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Do we need horns and strobes in a building shell?

Do we need horns and strobes in a building shell?


Douglas,

You were such a help with the last question we asked. Thanks!

I have an architect who is questioning whether we need the strobes in a Building shell. I designed the Fire Alarm System showing Horn Strobes throughout and Strobes only in the bathrooms. I assumed that the building would be occupied at any given time as bathrooms are there. I would like to be a more informed designer. How would you look this up?

Reguards, N C

The fire alarm system is there to detect fire and warn people of the fire.

Shell Space Occupancy

Well, when designing a fire alarm system, the first thing is to know what kind of occupancy is going to be in the area with the fire alarm system. The occupancy types are determined in the International Building Code (IBC) or the NFPA101. Which set of codes or guidelines will be used is up to the government of the area. The type of fire alarm system used will be determined by how the area of the building is occupied.

A shell of a building implies that the owners don't really know what the occupancy is going to be, exactly, so whatever fire alarm system is installed has to take that unknown factor into consideration.

Lots Can Be Changed

Between the time that the shell is completed and the time the final occupants move in, a lot could change. If the shell space is originally designed for retail space, the final occupancy could be repurposed as a school, as an office, as a retail store, or even as storage or as a warehouse.

Basically, the repurposing of the shell space could involve lot of remodeling, a little remodeling, or no remodeling. If there's no remodeling, there won't have to be any need for a building permit so the fire alarm system will remain the same as it was installed in the first place.

Sometimes, when we design fire alarm systems and we don't know what the building is going to be used for, we have to add a lot of common sense.

Who Knows What the Shell Will Be Used For

Because no one knows what the shell is going to be used for, we have to understand what we are dealing with.
  • The shell has some sort of ventilation; the shell is designed so that people can be in the space.
  • The shell has bathrooms; the shell is designed so people can stay in the space for an extended time.
  • The shell could be used as a temporary warehouse; the shell could be occupied by people until a final repurposing and remodeling of the shell requires an upgraded fire alarm system.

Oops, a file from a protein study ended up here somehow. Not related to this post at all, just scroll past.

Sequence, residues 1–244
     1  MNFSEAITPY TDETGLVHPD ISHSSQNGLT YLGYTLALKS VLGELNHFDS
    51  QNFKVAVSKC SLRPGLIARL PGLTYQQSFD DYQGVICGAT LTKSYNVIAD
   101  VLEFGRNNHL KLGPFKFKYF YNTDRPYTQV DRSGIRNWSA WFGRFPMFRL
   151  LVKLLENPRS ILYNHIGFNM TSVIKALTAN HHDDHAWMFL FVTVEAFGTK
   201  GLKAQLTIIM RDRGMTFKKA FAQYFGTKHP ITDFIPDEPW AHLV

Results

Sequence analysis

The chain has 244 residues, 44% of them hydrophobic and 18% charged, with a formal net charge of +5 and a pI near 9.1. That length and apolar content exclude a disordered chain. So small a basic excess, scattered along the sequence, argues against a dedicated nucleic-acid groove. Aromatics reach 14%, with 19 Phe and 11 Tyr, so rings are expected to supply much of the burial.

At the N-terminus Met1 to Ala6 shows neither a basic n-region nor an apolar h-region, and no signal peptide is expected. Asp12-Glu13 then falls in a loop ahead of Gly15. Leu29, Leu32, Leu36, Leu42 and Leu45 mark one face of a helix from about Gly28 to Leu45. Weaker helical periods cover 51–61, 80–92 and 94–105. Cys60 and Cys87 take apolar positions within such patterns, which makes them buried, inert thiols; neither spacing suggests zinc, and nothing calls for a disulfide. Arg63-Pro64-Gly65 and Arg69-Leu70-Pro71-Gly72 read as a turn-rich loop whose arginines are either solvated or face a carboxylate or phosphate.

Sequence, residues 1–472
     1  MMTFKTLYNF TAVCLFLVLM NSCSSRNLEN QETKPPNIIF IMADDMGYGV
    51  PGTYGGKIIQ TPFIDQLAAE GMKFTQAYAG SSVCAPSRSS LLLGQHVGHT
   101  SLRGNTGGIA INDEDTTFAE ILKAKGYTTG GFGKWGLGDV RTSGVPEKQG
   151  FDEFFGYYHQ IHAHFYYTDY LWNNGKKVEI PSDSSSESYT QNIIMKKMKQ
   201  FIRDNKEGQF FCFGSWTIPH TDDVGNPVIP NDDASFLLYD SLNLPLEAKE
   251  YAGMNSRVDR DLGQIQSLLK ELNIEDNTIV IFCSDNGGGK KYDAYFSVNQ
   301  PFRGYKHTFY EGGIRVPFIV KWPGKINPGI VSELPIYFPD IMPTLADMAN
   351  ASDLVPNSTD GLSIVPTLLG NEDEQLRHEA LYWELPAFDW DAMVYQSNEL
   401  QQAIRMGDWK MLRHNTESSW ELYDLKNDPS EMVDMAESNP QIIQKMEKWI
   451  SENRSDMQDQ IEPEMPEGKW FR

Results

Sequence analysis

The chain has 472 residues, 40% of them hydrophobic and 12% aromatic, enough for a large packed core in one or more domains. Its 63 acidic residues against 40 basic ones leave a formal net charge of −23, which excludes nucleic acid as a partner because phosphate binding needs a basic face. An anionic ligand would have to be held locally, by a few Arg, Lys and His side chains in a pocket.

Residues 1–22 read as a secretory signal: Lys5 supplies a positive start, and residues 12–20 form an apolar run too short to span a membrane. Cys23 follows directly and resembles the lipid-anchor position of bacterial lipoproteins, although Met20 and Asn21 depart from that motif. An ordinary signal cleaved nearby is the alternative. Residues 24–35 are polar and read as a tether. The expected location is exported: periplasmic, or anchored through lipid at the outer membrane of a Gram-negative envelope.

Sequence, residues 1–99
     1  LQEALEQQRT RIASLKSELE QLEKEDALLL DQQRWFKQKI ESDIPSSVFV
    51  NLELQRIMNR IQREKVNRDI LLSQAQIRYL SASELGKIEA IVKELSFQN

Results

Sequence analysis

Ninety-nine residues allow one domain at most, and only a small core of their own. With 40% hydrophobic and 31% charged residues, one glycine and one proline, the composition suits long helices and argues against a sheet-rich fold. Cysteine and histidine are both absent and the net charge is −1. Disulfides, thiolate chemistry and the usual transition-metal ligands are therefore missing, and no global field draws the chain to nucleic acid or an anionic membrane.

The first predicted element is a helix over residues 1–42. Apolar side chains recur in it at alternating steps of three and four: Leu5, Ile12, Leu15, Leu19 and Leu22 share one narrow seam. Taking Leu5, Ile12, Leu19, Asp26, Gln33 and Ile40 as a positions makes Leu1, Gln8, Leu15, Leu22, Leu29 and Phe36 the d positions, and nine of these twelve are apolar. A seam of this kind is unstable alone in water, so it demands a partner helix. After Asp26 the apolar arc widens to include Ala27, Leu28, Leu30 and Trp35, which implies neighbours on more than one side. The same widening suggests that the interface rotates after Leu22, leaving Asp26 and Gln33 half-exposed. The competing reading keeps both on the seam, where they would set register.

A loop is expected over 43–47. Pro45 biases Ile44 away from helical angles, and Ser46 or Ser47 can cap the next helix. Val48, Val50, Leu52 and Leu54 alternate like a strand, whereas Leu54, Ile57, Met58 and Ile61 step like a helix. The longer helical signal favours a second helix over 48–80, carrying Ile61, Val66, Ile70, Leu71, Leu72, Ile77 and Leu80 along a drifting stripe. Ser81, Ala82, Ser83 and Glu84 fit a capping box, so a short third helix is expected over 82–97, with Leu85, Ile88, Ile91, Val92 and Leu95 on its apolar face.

Once the shell is finished and everyone walks away, the owner can, and probably will, use the space for other purposes until it is finally repurposed. Basically, the shell space is occupiable as it is and the whole fire alarm system should be designed as if the shell space will be occupied.

Sprinkler System

Common sense also says the shell space will be protected with a sprinkler system even though no one can think of anything that will be in the open space. This building-wide complete coverage sprinkler system is required because, in the future, someone may store something in the area without remodeling the shell space.

A complete fire alarm system, including proper warning devices (like horns and strobes), should be installed because, in the future, someone may occupy the area without remodeling the shell space.

Detect and Warn

The NFPA Code is interpreted differently by different people, but to be a complete fire alarm system, the system must detect fire (the waterflow switch on the sprinkler system) and warn people of the fire (horns and strobes). This detect and warn includes the shell area because the shell area can be occupied.

Douglas Krantz
Get help finding those Ground Faults - Buy the book "Make It Work - Hunting Ground Faults" by Douglas Krantz - Ground Fault Hunting becomes easier when you know what causes the ground fault and what is needed to "see" the ground fault.
Get help finding those Ground Faults - Buy the book "Make It Work - Hunting Ground Faults" by Douglas Krantz - Ground Fault Hunting becomes easier when you know what causes the ground fault and what is needed to "see" the ground fault.
Douglas Krantz -- Fire Alarm Engineering Technician, Electronic Designer, Electronic Technician, Writer

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